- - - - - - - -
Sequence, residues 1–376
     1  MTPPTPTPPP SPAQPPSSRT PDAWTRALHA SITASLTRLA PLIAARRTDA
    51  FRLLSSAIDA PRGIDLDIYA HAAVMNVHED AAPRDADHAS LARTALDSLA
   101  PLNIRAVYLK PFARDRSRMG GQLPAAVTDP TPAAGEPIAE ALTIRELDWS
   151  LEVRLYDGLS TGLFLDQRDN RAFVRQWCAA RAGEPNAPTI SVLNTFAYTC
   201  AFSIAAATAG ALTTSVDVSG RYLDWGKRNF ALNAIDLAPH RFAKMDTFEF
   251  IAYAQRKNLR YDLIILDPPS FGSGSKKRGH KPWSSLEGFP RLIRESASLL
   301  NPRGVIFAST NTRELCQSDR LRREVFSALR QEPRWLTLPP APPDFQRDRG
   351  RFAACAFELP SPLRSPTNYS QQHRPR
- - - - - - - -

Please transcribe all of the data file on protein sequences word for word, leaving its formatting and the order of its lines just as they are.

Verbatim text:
Sequence, residues 1–376
     1  MTPPTPTPPP SPAQPPSSRT PDAWTRALHA SITASLTRLA PLIAARRTDA
    51  FRLLSSAIDA PRGIDLDIYA HAAVMNVHED AAPRDADHAS LARTALDSLA
   101  PLNIRAVYLK PFARDRSRMG GQLPAAVTDP TPAAGEPIAE ALTIRELDWS
   151  LEVRLYDGLS TGLFLDQRDN RAFVRQWCAA RAGEPNAPTI SVLNTFAYTC
   201  AFSIAAATAG ALTTSVDVSG RYLDWGKRNF ALNAIDLAPH RFAKMDTFEF
   251  IAYAQRKNLR YDLIILDPPS FGSGSKKRGH KPWSSLEGFP RLIRESASLL
   301  NPRGVIFAST NTRELCQSDR LRREVFSALR QEPRWLTLPP APPDFQRDRG
   351  RFAACAFELP SPLRSPTNYS QQHRPR